Walker-Weinstein invited Hart to join her upcoming summer camp. In the month of July, heading into her senior season, Hart made the trip from Long Island to the Heights. She loved the attention that Walker-Weinstein gave her in camp, and sensed that she wanted her on her team. After talking it over with her father, she decided to commit to BC following the camp’s conclusion, never even considering another school.
As a freshman and sophomore at BC, Hart had a lot of adjusting to do. For the first time in her life, she was away from home. She also had to learn to adapt to a new schedule. Her typical day during the offseason started with a 5:30 a.m. workout, which lasted until the first of her three daily classes. All of these combined factors proved to be difficult for her at times.
Playing time was few and far between at first, and when she did get in the game she was overcome with nerves. After recording just a total of six goals as a freshman and sophomore, Hart decided to focus on the cerebral side of her game as she headed into her junior season.
“I think 90 percent of your game is mental, and every time I would go in [as a freshman and sophomore] I would shake,” Hart said. “Junior year I came to the realization, ‘Why was I so nervous all this time?’ I think I really just changed my mindset.”
A renewed feeling of confidence helped Hart make great leaps as a junior. She became a go-to attacker for the Eagles, scoring 49 goals and recording 75 points. To the outside eye, her breakout season was a complete surprise. But Smith, who watched her develop as a player, expected this all along. She always knew that Hart could be tremendous, and thinks she took her game to the next level by playing with a more aggressive style junior year.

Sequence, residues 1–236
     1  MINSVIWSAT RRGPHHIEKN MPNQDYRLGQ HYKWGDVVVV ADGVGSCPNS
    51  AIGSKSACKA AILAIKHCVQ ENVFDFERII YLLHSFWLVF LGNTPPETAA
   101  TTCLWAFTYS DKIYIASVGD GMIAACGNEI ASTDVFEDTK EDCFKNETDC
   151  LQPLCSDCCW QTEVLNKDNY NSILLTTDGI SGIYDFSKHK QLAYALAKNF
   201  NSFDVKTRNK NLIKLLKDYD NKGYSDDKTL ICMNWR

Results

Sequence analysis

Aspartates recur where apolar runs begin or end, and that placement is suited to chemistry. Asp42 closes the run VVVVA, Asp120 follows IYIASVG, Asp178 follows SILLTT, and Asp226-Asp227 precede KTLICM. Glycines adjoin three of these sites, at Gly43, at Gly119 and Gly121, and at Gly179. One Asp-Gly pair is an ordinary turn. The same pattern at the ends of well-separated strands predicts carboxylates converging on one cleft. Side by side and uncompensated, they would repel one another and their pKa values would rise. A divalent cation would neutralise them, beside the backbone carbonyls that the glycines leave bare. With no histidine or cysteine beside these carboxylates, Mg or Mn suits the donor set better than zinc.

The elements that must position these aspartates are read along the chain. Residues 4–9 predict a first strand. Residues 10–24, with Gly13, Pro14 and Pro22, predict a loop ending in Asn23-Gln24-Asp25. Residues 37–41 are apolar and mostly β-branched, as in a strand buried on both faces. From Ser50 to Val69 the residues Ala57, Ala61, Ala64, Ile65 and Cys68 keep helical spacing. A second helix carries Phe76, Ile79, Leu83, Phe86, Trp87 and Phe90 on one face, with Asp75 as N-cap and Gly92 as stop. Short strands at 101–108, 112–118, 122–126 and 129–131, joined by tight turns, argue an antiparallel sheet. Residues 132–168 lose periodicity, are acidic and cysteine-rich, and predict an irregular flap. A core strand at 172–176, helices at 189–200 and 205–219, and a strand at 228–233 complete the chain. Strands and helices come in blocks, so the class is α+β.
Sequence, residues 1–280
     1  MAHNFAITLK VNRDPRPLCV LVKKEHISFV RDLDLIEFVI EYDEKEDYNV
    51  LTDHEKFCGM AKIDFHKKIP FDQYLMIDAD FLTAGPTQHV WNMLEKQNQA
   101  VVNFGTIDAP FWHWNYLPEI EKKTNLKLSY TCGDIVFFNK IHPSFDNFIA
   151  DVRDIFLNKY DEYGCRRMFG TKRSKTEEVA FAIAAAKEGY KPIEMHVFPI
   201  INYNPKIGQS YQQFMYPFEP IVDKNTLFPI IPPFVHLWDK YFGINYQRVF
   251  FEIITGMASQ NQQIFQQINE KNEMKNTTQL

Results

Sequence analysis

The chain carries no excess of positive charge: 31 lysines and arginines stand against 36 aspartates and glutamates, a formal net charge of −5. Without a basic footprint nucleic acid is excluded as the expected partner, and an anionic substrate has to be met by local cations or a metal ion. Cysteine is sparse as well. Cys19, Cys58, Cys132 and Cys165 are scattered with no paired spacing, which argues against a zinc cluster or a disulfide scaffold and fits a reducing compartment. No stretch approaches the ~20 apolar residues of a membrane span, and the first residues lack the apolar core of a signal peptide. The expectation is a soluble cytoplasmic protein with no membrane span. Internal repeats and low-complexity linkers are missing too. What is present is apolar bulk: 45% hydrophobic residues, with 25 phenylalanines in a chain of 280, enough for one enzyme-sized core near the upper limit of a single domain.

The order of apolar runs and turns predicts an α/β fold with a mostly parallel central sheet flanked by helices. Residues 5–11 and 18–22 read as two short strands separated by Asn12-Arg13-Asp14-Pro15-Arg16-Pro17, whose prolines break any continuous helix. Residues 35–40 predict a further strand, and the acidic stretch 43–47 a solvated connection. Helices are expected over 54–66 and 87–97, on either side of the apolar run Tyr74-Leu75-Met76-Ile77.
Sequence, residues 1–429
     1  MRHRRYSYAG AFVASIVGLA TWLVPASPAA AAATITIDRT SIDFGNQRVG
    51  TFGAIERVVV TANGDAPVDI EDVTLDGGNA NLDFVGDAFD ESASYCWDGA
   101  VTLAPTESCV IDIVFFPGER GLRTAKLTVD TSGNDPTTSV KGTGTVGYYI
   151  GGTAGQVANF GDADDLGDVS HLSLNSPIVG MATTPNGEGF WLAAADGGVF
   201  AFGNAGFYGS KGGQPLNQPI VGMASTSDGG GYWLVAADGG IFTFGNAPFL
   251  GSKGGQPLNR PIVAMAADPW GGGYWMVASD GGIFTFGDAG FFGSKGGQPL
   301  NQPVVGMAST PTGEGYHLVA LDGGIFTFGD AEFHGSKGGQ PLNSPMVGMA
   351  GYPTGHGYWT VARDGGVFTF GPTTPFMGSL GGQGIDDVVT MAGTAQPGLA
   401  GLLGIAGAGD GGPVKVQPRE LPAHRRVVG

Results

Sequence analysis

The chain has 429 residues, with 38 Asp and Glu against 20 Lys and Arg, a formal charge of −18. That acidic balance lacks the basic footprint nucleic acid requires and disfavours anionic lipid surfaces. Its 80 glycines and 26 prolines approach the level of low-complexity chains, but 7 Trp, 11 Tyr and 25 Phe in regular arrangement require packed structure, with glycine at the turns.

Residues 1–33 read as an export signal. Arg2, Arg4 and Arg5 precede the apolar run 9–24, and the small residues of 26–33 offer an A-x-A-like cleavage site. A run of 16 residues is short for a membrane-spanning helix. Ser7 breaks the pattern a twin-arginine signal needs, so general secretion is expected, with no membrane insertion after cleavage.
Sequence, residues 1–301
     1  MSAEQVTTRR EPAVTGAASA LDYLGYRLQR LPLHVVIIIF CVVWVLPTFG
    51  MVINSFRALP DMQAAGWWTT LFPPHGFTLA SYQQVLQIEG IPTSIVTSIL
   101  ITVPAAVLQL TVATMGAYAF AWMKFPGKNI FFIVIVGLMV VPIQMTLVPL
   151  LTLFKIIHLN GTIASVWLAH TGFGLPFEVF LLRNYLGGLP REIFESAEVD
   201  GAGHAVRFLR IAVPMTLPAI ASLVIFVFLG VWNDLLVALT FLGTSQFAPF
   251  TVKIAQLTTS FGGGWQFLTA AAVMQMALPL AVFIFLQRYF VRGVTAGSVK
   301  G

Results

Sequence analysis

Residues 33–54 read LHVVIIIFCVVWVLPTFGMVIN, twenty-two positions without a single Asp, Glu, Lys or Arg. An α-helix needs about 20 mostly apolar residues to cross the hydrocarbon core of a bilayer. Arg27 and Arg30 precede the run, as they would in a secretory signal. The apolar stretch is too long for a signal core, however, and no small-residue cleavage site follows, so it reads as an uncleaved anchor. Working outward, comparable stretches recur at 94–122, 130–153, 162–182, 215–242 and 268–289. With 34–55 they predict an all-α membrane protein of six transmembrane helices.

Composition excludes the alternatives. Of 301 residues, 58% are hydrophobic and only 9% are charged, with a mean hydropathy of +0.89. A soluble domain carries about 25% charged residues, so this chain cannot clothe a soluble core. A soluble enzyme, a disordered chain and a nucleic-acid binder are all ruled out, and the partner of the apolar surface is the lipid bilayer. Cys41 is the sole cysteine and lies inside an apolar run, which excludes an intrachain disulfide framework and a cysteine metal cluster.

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ast year, the Eagles were 6-2 leading up to a March 8 road game at No. 1 Maryland, the eventual undefeated national champions. This game proved to be a significant midseason test for BC, which, at the time, was still trying to establish an identity. The Eagles trailed, 8-5, in the waning minutes of the first half. Hart kept BC alive by scoring two goals before halftime.
Though Hart would score a then-career high four goals, the Eagles were not able to stick with the Terrapins in the second half, falling 21-13. The game was a microcosm of the team’s regular season: It was good enough to compete with anyone, but was never going to be the favorite over top-ranked opponents.
Nevertheless, flash forward two months, and the Eagles were in the NCAA Tournament. As the stakes got higher, and every decision on the field mattered more than ever, Hart had to take herself back to the days of playing club lacrosse with Fredericks to keep things in perspective.